#14

As well as justifying female pronouns for the Millenium Falcon, L3-37 (heartwarmingly?) having her droidsoul trapped forever in a battered spaceship is also supposed to tie-in with 3P0 talking to the ship in The Empire Strikes Back. “Sir, I don’t know where your ship learned to communicate, but it has the most peculiar dialect.”

Personally I found most of the stuff around that character fairly grating. Her introduction both ridicules the idea of civil rights campaigning, and plays into a gross trope common in sci-fi and fantasy where non-white characters display or handwave bigotry against non-humans, in some numbskulled “ah, anyone can be prejudiced (not this white hero though)” makeuthink. Even the eventual full-scale revolt is engineered for the benefit of our heroes, rather than anything we’re seemingly supposed to care about.

Regarding the “Why (Marvel) superheroes and not Star Wars?” question, I think Rob is right to point at both soap opera and the fact that the Shared Universe gimmick was there from the start. I would think novelty is a factor as well - pretty much everyone has grown up with Star Wars in some capacity since 1977, and the current wave of releases is its third go-round at the cinema. The ubiquity of superheroes is relatively recent in comparison, and despite attempts elsewhere, the interconnectedness of nominally separate film series is unique to that brand. Their ability to weather an incredibly saturated market that’s had some high-profile failures is a little surprising - it will be interesting to see what happens after the movie with “End” right there in the title comes out.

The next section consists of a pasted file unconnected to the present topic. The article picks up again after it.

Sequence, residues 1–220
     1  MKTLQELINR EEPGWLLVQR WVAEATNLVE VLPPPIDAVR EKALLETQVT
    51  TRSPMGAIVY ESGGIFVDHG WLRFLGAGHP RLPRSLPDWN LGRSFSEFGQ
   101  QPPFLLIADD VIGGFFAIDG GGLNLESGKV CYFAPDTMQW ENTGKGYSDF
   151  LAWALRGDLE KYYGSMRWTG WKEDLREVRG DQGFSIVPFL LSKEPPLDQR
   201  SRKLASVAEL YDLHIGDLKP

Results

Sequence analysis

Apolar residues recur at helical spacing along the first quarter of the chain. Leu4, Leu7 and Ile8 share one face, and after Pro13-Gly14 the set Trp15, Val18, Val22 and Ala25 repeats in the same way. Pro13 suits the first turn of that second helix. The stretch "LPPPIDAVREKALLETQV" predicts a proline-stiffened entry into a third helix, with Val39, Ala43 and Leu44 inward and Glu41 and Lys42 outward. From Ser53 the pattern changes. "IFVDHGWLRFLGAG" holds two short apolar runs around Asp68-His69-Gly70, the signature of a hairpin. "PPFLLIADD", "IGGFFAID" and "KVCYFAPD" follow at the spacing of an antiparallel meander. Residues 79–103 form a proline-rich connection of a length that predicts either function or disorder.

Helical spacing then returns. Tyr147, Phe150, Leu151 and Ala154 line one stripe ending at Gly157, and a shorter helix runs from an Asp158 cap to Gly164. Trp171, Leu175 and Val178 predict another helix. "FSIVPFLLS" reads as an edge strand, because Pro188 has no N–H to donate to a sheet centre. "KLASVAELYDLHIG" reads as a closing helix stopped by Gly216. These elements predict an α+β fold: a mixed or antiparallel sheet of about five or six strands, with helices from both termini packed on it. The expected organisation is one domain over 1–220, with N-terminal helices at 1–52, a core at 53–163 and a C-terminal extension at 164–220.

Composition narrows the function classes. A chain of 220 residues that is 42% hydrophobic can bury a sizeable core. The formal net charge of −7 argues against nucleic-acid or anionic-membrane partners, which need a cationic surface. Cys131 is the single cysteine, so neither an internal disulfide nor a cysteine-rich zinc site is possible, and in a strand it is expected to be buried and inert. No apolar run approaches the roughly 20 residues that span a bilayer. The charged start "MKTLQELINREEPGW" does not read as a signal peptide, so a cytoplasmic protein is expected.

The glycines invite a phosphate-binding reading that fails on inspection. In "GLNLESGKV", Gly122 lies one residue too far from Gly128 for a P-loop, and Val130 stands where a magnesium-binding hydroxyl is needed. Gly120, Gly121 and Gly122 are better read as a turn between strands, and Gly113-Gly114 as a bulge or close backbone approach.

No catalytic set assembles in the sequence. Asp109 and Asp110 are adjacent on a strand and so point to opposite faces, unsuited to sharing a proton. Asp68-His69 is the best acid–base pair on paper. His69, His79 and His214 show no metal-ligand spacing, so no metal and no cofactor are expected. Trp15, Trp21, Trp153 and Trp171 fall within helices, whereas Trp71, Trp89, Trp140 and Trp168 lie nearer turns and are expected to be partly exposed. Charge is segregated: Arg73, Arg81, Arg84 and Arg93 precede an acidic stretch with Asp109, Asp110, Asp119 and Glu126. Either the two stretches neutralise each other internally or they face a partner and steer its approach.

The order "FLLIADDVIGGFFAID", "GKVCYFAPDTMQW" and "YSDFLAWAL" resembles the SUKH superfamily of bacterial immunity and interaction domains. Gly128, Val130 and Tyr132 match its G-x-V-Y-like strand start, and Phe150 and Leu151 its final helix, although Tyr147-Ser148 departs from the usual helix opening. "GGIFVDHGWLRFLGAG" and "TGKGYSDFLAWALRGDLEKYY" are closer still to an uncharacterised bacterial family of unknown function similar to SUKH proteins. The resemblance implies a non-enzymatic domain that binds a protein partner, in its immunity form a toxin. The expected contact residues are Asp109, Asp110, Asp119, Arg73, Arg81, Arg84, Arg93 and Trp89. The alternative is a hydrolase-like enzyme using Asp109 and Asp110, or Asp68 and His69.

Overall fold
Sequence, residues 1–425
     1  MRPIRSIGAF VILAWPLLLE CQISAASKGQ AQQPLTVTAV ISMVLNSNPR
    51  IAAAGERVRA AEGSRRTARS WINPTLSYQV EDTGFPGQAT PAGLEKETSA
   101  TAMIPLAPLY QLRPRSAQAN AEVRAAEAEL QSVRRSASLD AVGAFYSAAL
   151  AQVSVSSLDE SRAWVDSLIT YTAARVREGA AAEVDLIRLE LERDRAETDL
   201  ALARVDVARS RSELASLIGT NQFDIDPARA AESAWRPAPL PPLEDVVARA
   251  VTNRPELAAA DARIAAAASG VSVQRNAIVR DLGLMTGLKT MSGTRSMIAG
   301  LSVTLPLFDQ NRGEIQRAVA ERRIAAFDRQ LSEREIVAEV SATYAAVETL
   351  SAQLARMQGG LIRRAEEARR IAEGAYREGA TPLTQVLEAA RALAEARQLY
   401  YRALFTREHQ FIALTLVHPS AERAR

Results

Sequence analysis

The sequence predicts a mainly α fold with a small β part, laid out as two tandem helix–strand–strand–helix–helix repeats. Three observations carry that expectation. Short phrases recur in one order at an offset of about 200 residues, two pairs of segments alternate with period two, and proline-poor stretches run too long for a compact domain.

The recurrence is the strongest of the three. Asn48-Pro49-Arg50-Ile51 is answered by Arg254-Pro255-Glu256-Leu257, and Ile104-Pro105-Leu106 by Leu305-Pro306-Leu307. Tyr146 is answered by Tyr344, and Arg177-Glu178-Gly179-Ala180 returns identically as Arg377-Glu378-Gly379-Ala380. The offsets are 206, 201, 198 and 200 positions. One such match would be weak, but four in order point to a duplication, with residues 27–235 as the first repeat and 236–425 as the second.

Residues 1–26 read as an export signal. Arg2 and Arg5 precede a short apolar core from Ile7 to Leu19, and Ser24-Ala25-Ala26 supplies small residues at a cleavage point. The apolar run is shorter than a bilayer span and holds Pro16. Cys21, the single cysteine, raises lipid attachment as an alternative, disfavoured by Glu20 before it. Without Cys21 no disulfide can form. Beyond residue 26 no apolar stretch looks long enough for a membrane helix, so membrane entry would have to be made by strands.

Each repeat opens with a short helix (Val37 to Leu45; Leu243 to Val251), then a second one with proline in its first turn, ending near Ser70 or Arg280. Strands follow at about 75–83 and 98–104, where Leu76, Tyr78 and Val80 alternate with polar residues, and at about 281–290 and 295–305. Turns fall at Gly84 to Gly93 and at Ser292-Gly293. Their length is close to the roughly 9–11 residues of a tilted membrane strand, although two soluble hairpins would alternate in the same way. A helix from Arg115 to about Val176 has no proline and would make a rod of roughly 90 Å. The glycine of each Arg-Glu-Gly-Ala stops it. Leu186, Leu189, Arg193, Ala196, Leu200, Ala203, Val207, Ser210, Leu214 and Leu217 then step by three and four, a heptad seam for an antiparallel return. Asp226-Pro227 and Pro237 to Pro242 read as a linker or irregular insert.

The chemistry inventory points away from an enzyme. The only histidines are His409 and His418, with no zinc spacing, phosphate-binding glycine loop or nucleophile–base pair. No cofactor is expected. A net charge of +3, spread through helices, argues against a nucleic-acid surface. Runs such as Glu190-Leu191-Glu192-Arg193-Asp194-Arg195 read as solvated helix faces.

#15

That was good. Very good.

However, I think they meant ‘is that REALLY all you have to say?’ Not ‘is it REALLY any good?’


#16

Today I learned that not only is the mentalist supposedly good, but apparently Monk is good as well??


#17

As a side note, I recognized the source for this post’s subheader (“Han Solo, what a man. Solo. Every princess’s dream.”) and:

  1. I am so mad right now.
  2. I am not sure whether to be madder at Rob for using that as the sub-header, or myself for recognizing it. :stuck_out_tongue:

#18

god i just realized @dogsarecool quoted the second part of austin’s sentence and not the first. nevertheless, I stand by my statement!!!

i am on the very last episode of the mentalist as i write this and have been dying to talk about the show several years too late for that conversation so honestly im not surprised i so willingly read their post that way